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Nova Scotia youth discuss alternatives to warships

Grade 11 student says Canada should invest in food security and small-scale agriculture

by Jon Grant

Tamara Lorincz protests the Irving Shipbuilding Contract every Wednesday.  (Photo: Jon Grant)
Tamara Lorincz protests the Irving Shipbuilding Contract every Wednesday. (Photo: Jon Grant)

A province wide high school essay contest has encouraged young people to express their opinions about how they think the federal and provincial governments could better spend $25B allotted to building warships in Halifax, NS.

Nearly a dozen essays featuring a variety of alternative spending strategies from food security to a commitment to green energy prove that young people in Nova Scotia are thinking critically about the long term sustainability of the Nova Scotia economy.

The contest was sponsored by the Nova Scotia Public Interest Research Group and organized and judged by Tamara Lorincz. For the past eight months, Lorincz has been protesting the warships each Wednesday outside the Irving Shipyards on Barrington Street.

"I wanted to reach out to young people in the province. I want Nova Scotians of all ages to think critically about the federal government spending our tax dollars, $25B, instead of being invested in other ways,” says Lorincz.

“With young people in particular I was very concerned that young Canadians have difficulty in affording post-secondary education. I don't believe the federal government is investing enough in children and youth and I think their future is at risk with this warship contract" she added.

In February 2012, the provincial government published their education strategy, Kids and Learning First, which aims to create introductory trades courses. The report notes that "the course will expose students to trades including boat builder, iron worker, machinist, marine fitter, metal fabricator, sheet metal worker, and welder" —  all of which are trades required to build warships.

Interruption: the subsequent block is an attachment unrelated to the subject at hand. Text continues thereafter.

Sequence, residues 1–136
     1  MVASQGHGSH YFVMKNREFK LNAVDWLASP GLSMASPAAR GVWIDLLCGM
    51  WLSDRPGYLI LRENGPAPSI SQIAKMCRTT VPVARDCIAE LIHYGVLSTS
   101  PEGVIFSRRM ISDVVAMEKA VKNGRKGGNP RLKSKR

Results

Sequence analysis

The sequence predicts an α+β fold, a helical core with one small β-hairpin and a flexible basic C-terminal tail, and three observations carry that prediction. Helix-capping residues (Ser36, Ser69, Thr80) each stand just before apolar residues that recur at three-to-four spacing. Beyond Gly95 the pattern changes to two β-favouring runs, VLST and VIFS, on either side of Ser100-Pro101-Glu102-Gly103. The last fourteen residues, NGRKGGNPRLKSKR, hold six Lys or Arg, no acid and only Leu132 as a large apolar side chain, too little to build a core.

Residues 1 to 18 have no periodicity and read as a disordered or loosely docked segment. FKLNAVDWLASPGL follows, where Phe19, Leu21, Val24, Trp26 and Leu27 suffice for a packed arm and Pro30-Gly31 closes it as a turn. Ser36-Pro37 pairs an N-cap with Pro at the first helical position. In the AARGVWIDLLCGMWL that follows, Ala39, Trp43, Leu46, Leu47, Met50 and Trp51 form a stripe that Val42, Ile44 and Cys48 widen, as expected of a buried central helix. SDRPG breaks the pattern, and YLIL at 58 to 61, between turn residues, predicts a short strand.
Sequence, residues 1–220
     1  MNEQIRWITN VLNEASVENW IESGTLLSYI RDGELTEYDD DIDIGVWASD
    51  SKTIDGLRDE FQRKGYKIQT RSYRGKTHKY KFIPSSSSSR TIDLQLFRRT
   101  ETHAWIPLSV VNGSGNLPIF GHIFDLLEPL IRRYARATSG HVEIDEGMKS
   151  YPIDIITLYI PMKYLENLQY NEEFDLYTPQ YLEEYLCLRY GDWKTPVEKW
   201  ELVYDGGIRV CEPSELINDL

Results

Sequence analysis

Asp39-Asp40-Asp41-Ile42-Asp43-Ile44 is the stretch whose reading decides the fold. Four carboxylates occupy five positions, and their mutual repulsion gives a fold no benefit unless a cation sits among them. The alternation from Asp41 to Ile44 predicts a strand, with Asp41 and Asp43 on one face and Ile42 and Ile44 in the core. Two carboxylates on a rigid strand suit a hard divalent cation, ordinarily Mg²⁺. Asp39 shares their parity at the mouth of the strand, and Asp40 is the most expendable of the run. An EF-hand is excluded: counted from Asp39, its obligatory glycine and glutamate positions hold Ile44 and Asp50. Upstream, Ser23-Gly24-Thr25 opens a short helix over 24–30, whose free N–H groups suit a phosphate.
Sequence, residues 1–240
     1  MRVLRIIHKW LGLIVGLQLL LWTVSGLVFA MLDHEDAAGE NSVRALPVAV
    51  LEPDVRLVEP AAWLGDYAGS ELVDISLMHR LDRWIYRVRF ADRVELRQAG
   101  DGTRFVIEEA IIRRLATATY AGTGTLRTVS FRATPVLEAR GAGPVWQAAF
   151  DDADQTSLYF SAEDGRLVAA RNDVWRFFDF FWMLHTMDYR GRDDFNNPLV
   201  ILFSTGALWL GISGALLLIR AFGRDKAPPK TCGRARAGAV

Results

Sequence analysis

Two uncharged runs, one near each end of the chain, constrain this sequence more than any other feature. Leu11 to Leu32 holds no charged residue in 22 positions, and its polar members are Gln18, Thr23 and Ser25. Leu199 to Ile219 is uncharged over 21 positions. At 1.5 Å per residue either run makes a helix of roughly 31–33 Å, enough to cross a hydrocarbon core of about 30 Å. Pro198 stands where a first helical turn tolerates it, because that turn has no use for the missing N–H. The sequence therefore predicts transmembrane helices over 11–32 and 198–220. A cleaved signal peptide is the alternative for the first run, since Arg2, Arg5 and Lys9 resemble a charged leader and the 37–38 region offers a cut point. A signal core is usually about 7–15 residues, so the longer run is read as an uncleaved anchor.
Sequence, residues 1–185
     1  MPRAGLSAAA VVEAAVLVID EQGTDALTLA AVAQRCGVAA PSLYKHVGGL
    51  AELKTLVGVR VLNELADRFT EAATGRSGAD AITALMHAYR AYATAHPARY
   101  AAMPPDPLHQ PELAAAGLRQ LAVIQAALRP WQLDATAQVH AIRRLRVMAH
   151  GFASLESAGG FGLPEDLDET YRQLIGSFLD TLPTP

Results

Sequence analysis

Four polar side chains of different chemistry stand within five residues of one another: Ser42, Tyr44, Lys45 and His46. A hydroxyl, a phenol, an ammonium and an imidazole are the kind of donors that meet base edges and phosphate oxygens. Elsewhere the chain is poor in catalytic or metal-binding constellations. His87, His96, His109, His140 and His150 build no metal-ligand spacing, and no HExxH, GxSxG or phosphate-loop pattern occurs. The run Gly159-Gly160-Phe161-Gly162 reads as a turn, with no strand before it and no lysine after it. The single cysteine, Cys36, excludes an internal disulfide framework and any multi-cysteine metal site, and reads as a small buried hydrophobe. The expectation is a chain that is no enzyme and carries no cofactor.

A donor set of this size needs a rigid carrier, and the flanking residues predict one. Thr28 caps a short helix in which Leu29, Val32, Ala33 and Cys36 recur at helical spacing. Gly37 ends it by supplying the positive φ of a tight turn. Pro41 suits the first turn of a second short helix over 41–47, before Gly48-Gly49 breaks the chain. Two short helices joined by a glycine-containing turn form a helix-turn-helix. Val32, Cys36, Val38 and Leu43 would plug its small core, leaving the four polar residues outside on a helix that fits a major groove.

Considering the time it will take to develop the curriculum, the time it will take for students to graduate with these skills, and the fact that the Irving shipbuilding contract is a 20-year contract with no guarantee of renewal, this report appears to be a short-sighted attempt to involve NS youth in a temporary economic venture.

Contest winner Rebecca MacNeil, a grade 11 student at the Rankin School of the Narrows, argued that Canada needs to further invest in food security and small-scale agriculture.

"There are people that are going hungry that are not able to afford good nutritious food and feeding people is more important than the Canadian navy having new warships. Canadians need access to nutritious food, we need to be investing in our farming, we need to be investing in organic agriculture, and food security measures" says Lorincz on why MacNeil’s essay won.

When asked why young people should be involved in the direction of Canada's future, MacNeil wrote: "in the future, students will be the next generation running the country and many of the new policies and laws of Canada will stem from the youth of today. It is important that students are encouraged to voice their opinions and ready themselves as the future leaders of this country."

While MacNeil has no plans to enter a trade upon graduation, she is fully aware of the potential effects the shipbuilding contract would have on her hometown of Benacadie, NS.

"Cape Bretoners [may] have to live, move, or commute to Halifax to ensure employment thus causing a decline in population and uprooting families, a scenario that already exists today in regard to jobs in western Canada" says MacNeil.

Lorincz thinks government spending should reflect the priorities of its constituents.

"The national shipbuilding procurement strategy does not reflect the priorities of Canadians. Time and time again polls show that the top priorities for Canadians are in health, education, and the environment. It doesn't reflect the priorities of Canadians. Canadians and the Canadian parliament were not consulted on this" she says.

The essay contest asked young people to think about complex issues such as long-term sustainability and a peaceful way forward.

In her daily life, MacNeil says she promotes peace “by being a caring and responsible citizen, volunteering in my community, and being of service to others. This involves giving a voice to invisible minorities, helping the needs of the poor, and fund raising for various groups that require financial assistance."


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